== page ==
and came back to my doorway––where they’ve already been!

My candy store’s diminished, in fact there is no more
and they grow disorderly, waiting at my door
as I distribute all my fruit—right down to the last core.

Then I start giving canned goods—beans and corn and peas.
By the time my larder’s empty, they have brought me to my knees.
“Please, go home,” I beg them. “Leave my house now, please!”

But they have no pity. They are carrying off my plants.
I go into my closets and bring out my shirts and pants.
Still I hear requests for more—their demands and their rants.

I give them all my easy chairs, my pictures and my rugs,
my glasses and my dishes, my pots and pans and mugs.
From my refrigerator, I return with bowls and jugs.

Until my house is empty, they refuse to go away;
but finally I have no more, and I begin to pray
that they will soon release me from this relentless fray.

And then I see a ray of hope as across the street
my neighbor opens up his door and children’s footsteps beat
in a new direction—as they mount a swift retreat.

I hear my neighbor’s screams and cries as they shout for more.
Though I should go and help him, I’m yellow to the core
as I take the coward’s action and swiftly slam my door!!!

Mexico is lovely. It’s warm and lush and green.
I love its smiling people. I love its rich cuisine.
But there’s one drawback to living here that I have clearly seen.




I reblogged myself on this one! Doesn’t hurt to run one by again now and then, does it? The Prompt today was Trick.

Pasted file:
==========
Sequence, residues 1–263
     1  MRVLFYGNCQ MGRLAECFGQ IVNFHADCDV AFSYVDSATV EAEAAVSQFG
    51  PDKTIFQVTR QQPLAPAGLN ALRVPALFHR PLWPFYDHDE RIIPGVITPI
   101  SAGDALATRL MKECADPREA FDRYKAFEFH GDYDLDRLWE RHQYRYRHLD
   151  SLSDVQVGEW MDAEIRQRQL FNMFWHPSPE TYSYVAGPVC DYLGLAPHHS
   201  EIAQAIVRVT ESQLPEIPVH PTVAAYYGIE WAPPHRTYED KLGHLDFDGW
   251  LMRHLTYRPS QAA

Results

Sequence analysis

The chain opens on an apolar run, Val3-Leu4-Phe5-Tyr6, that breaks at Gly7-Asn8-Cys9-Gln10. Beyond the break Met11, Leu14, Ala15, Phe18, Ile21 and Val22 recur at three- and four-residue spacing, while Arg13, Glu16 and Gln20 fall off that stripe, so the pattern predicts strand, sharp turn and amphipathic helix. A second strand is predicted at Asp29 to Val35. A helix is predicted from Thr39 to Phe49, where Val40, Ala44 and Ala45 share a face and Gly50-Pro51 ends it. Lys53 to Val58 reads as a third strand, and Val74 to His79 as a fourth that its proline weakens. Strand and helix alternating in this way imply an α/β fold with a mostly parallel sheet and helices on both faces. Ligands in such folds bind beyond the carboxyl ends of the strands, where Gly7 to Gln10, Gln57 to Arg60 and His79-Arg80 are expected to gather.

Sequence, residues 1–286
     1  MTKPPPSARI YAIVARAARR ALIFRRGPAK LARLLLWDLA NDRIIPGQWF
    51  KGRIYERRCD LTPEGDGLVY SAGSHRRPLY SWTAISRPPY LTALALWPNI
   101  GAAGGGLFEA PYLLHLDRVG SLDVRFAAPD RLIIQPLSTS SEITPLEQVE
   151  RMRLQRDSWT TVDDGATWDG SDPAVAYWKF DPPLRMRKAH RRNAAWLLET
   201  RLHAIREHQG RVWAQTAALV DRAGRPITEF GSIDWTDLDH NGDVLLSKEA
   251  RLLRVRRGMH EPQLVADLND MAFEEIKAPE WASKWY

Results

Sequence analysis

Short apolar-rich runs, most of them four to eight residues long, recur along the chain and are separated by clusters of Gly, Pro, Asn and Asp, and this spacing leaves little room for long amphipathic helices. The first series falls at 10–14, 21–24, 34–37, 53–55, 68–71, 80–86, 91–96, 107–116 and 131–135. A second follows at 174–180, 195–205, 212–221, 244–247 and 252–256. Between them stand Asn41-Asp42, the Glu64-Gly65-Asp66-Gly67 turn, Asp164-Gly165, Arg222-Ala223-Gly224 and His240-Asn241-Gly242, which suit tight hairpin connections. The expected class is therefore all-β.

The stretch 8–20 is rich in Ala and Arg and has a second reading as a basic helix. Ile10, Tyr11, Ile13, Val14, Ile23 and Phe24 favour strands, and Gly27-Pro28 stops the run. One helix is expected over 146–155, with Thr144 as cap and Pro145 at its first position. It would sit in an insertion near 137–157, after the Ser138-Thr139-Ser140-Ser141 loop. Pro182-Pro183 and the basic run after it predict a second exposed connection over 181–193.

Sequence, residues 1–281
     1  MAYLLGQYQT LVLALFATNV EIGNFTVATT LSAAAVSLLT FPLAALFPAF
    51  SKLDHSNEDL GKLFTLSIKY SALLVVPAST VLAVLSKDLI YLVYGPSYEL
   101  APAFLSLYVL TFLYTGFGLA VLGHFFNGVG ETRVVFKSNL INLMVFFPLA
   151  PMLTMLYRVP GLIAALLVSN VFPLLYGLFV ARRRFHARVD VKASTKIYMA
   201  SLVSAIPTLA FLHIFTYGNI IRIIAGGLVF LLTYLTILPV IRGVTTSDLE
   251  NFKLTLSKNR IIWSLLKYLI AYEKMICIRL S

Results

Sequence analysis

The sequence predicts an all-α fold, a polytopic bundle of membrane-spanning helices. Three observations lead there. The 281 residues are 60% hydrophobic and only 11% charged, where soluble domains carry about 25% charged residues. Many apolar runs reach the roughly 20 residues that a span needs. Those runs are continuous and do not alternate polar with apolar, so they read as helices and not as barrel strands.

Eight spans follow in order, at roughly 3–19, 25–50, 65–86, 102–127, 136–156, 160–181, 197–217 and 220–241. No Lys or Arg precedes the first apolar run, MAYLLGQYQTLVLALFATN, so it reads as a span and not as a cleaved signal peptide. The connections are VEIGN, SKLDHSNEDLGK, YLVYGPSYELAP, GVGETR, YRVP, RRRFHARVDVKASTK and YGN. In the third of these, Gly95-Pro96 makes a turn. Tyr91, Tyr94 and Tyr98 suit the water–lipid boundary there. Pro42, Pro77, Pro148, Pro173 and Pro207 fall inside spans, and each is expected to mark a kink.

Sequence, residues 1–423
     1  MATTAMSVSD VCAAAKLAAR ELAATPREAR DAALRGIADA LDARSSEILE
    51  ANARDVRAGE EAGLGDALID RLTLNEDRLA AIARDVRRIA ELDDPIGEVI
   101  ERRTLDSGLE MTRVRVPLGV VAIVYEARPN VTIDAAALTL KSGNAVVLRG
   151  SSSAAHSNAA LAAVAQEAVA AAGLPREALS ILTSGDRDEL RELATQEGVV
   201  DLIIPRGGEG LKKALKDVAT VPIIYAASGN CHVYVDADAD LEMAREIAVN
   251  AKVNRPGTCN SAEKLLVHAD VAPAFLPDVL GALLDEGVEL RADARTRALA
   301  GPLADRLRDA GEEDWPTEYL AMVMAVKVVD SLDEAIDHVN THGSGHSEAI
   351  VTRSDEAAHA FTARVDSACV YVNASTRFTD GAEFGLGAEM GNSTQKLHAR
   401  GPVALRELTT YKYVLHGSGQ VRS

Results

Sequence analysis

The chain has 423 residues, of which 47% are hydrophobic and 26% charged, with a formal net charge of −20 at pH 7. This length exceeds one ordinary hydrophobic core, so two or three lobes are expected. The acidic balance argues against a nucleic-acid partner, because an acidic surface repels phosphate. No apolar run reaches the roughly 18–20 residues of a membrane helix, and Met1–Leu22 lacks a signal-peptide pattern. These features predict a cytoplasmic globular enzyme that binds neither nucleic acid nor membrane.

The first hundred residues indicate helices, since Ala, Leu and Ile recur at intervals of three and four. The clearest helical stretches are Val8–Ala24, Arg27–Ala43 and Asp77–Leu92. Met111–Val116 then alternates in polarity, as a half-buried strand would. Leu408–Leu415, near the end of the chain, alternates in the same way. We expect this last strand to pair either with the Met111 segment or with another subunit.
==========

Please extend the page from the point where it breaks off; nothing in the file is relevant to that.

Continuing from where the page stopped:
Boo!: JNW’s Halloween Challenge, Oct. 10, 2016



These creatures come right at you.  Run!!! (You have to wind them up first, though.) Have you ever seen a ghost with vampire teeth before?

JNWs Halloween Challenge, Spooky: Deviled eggs!!!!


When I asked Dan and Rhonda to make me some deviled eggs, I guess I should have given more specific instructions!!!!! Note the avocado horns.  Eight o’clock in the morning, and spooked already!

JNW’s Halloween Challenge: Spooky

Halloween in Mexico

Halloween in Mexico

LOUD constant cherrybomb-level explosions that went on for hours, a few dozen feet from where I was docenting the art show, flags on the oldest church in town, LOUD banda music, shopping in the plaza stands, construction of the towering castillo for the night’s firework display, flowers, toys, signs directing dogs to be polite and not pee in the flowers and plants, doggies in full regalia, senoritas in full regalia, wild socks and shoes that were not part of a costume, a gourmet feast at Viva Mexico, Children’s chorus, Agustin’s solo with the children’s choir, a dead bread vendor (a vendor selling dead bread, not a deceased vendor) breaks out into opera and steals the show, tequila samples, women selling adorable knitted hats in the form of ninja turtles, lambs and frogs, tap dancing skeletons, children streaming by in the streets to trick and treat or lining up for face painting. All this and Day of the Dead hasn’t even started!!!